So right after our doctor told us that basically, we weren't going to have a baby, he offered up a treatment that he said would give us a 40% chance of conceiving. 40%? That's almost 50%, I'll take it (what can I say, I was desperate).
The next Saturday, we attended a class with three other couples. Here, one of the new skills we acquired was learning how to inject medications into my stomach via needle. Talk about fun! We also got a detailed calendar with our treatment plan that told us what medication and how much we would use on what day.
|Fertility Drugs/Treatment Plan|
Then we waited. We waited on my next cycle. Once it was time to begin, we called our doctor's office and the process began. For nearly three weeks, we injected medication into my stomach. As we got closer to ovulation, I started getting daily ultrasounds looking for an egg that was of the right size and ready to trigger ovulation. Once we found one, we had one more shot to give me, in the hip.
And then came the business of making sure that that egg was made into a baby! I'm leaving this part out, because well, some things are just personal. (If you want to know, you'll have to catch me at one of those perfect times like when I'm out to dinner with my family or trying to buy groceries with four kids in the cart).
About a week after the trigger shot, I suddenly noticed some severe bloating and pain in my pelvic area. The pain became so severe, I could not eat or get comfortable in any position. Eventually, I ended up contacting my doctor and they had me come in. At this point, I was diagnosed with Ovarian Hyperstimulation Syndrome (OHSS). An ultrasound revealed that my ovaries were each the size of oranges and unfortunately, there was nothing we could do about it but wait it out. Two days in, I couldn't even wear my pants because they would not button. In retrospect, I probably should have Googled and I'd have figured out that my ovaries were in overdrive and were sending eggs all over the place. Who knew?
A week went on and I continued to suffer and try to hide both my pain and bloating from everyone at the office. Eventually, I couldn't take the waiting anymore. One morning, I woke up and decided it was time to take a home pregnancy test. Low and behold, after probably 5,000 negative pregnancy tests in my lifetime, I saw two pink lines! At first, I couldn't believe my eyes. I told my husband. Later that day, I went for a follow-up regarding the OHSS. I told my doctor that I knew I wasn't supposed to test yet, but I did. He asked me what the result was and when I told him it was positive, he sent me for bloodwork. Two days later, I went back for more bloodwork. On August 2, 2012, my nurse called me to confirm, I was pregnant! (I only remember the date because it's my Dad's birthday).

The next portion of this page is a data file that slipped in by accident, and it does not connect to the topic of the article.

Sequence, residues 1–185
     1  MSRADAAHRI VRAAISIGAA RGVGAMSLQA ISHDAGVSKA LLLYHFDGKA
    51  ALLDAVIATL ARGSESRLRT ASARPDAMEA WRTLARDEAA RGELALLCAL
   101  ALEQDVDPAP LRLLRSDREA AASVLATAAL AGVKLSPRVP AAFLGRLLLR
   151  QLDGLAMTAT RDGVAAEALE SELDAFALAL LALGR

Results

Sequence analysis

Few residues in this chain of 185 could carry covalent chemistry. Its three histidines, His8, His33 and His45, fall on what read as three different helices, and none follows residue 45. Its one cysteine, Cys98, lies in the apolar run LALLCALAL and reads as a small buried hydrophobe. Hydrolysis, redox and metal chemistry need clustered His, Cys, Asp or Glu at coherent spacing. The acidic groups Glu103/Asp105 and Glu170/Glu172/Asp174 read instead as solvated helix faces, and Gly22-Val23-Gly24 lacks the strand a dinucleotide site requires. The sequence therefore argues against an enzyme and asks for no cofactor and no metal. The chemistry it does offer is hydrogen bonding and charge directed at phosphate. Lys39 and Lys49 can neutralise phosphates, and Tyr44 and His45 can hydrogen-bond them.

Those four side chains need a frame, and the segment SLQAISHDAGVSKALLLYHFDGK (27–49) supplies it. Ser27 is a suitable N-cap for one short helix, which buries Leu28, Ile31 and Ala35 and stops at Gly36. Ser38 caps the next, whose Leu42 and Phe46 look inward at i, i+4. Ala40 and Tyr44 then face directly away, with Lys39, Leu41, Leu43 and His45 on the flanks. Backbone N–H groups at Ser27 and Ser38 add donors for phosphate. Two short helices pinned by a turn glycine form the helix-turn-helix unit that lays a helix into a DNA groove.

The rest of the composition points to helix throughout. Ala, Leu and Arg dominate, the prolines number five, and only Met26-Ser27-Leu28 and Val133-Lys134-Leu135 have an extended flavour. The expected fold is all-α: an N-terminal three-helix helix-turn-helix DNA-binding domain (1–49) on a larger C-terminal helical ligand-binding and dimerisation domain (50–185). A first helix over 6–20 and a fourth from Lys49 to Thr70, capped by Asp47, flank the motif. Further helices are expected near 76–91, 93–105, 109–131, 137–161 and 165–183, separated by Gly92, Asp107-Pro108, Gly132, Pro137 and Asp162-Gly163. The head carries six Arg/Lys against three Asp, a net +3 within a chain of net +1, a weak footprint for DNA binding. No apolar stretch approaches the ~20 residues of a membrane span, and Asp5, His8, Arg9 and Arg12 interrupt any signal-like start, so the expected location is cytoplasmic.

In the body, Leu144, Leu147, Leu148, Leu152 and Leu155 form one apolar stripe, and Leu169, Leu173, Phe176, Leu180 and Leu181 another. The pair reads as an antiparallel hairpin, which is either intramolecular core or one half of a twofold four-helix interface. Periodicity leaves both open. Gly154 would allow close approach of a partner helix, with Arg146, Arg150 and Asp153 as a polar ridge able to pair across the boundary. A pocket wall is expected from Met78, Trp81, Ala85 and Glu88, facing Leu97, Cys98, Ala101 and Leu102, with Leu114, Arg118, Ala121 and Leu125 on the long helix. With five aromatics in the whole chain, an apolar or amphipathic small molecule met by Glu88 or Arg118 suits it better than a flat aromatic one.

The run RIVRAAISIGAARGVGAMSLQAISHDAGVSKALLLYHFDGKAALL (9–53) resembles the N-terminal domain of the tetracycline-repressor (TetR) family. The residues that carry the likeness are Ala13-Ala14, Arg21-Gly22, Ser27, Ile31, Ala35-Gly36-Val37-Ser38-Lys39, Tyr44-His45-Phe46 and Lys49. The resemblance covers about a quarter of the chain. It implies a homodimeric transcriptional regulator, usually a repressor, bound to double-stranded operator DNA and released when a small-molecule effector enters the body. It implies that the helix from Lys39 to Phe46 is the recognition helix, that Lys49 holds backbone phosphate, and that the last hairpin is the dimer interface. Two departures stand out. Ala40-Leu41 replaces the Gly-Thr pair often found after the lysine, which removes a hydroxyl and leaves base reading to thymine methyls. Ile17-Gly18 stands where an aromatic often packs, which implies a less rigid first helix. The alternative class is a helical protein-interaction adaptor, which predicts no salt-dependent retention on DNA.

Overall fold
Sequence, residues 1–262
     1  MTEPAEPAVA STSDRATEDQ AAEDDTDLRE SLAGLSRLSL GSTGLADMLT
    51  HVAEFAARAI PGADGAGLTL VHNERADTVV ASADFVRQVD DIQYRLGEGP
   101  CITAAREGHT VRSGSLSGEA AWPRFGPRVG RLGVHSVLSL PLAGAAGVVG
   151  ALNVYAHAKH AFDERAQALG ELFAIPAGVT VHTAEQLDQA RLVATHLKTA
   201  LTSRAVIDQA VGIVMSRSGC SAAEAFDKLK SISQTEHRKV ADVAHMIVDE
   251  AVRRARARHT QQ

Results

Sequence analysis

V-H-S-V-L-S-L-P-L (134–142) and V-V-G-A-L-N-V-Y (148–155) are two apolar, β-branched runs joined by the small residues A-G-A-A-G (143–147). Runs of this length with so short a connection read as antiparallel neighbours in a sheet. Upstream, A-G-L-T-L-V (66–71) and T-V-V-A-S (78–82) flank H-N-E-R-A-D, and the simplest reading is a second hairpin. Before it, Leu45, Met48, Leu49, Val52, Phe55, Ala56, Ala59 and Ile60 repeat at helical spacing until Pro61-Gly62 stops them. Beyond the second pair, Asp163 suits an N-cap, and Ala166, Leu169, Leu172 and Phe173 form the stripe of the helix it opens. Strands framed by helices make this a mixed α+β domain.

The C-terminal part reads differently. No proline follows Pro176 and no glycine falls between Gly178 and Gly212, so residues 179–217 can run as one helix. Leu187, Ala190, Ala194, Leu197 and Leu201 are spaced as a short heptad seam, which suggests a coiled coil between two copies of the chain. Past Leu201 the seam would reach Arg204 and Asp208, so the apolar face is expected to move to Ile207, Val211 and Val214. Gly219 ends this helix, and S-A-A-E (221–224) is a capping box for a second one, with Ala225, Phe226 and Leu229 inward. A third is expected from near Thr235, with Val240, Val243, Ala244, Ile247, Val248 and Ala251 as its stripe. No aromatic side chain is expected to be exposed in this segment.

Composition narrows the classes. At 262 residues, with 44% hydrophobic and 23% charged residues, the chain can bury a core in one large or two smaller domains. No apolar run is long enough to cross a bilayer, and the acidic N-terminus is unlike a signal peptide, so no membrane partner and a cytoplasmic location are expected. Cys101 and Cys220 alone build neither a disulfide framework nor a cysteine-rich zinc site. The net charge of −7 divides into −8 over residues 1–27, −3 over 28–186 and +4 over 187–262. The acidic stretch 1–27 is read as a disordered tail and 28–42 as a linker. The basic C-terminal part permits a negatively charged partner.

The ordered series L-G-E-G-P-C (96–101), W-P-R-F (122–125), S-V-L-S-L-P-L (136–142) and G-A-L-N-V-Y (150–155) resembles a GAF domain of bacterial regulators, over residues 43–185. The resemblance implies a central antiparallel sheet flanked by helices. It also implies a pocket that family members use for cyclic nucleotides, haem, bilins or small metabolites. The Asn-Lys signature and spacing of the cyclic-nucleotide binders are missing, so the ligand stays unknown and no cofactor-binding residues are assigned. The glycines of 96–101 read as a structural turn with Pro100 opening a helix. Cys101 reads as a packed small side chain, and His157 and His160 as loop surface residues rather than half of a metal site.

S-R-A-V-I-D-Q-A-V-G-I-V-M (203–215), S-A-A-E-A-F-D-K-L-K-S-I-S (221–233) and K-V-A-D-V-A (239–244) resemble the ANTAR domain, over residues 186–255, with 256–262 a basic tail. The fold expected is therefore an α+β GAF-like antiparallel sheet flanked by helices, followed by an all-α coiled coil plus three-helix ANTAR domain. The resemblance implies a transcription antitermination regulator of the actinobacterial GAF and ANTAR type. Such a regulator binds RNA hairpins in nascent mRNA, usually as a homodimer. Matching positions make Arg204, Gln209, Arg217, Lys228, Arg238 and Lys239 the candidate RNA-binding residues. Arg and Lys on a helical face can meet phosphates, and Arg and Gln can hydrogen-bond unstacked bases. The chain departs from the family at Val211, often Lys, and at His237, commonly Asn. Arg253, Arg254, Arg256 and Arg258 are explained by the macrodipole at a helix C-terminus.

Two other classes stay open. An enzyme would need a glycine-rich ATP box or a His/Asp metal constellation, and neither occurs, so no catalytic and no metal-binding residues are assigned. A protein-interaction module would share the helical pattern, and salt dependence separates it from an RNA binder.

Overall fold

About a week later, we had another appointment to confirm heartbeat and numbers. I guess maybe that was another clue I should have picked up on in retrospect but when you're living it, you only see your dream, which is to be a normal family and have a baby (although I'd be lying if I said the thought of twins never crossed my mind as being kind of cool). I remember when I told my Mom about the appointment, she picked up on it right away and said "numbers!!!! What do they mean by numbers"? to which I responded, "Mom, it's just a possibility of twins;they said it's a 5% chance" (maybe it's important to note that we already had a set of twin in our family).
That afternoon, she started calling me at the office wanting to know how it went. I avoided her calls the first few times. I just didn't know how on Earth I'd break the news to her that there were four.
Earlier that morning, my husband and I sat in an office waiting to hear our child's heartbeat for the first time. As I lay on the table, my husband sat off to the side and we both attempted to peer at the screen, which was conveniently turned just out of both of our lines of sight. What seemed like an hour passed and this sheer look of panic swept over our doctor's face. My husband and I made eye contact. Fearing the worst, we finally asked what was going on. I can't remember his exact words, because the shock hit me pretty hard, but I know that our doctor told us that there was nothing wrong with the heartbeat, except, there were four of them. And then we proceeded to hear each heartbeat. Each little answer to prayer.
The next clear memory is sitting in the parking lot in my husband's little Honda Civic, staring at the traffic passing on I-10 and wondering what to do next. Once one of us was able to form a sentence, my husband asked "what do we do now"? My answer was "we go to work. We have to work if we're going to afford four babies". And we did.
To be continued...Stay tuned for part three.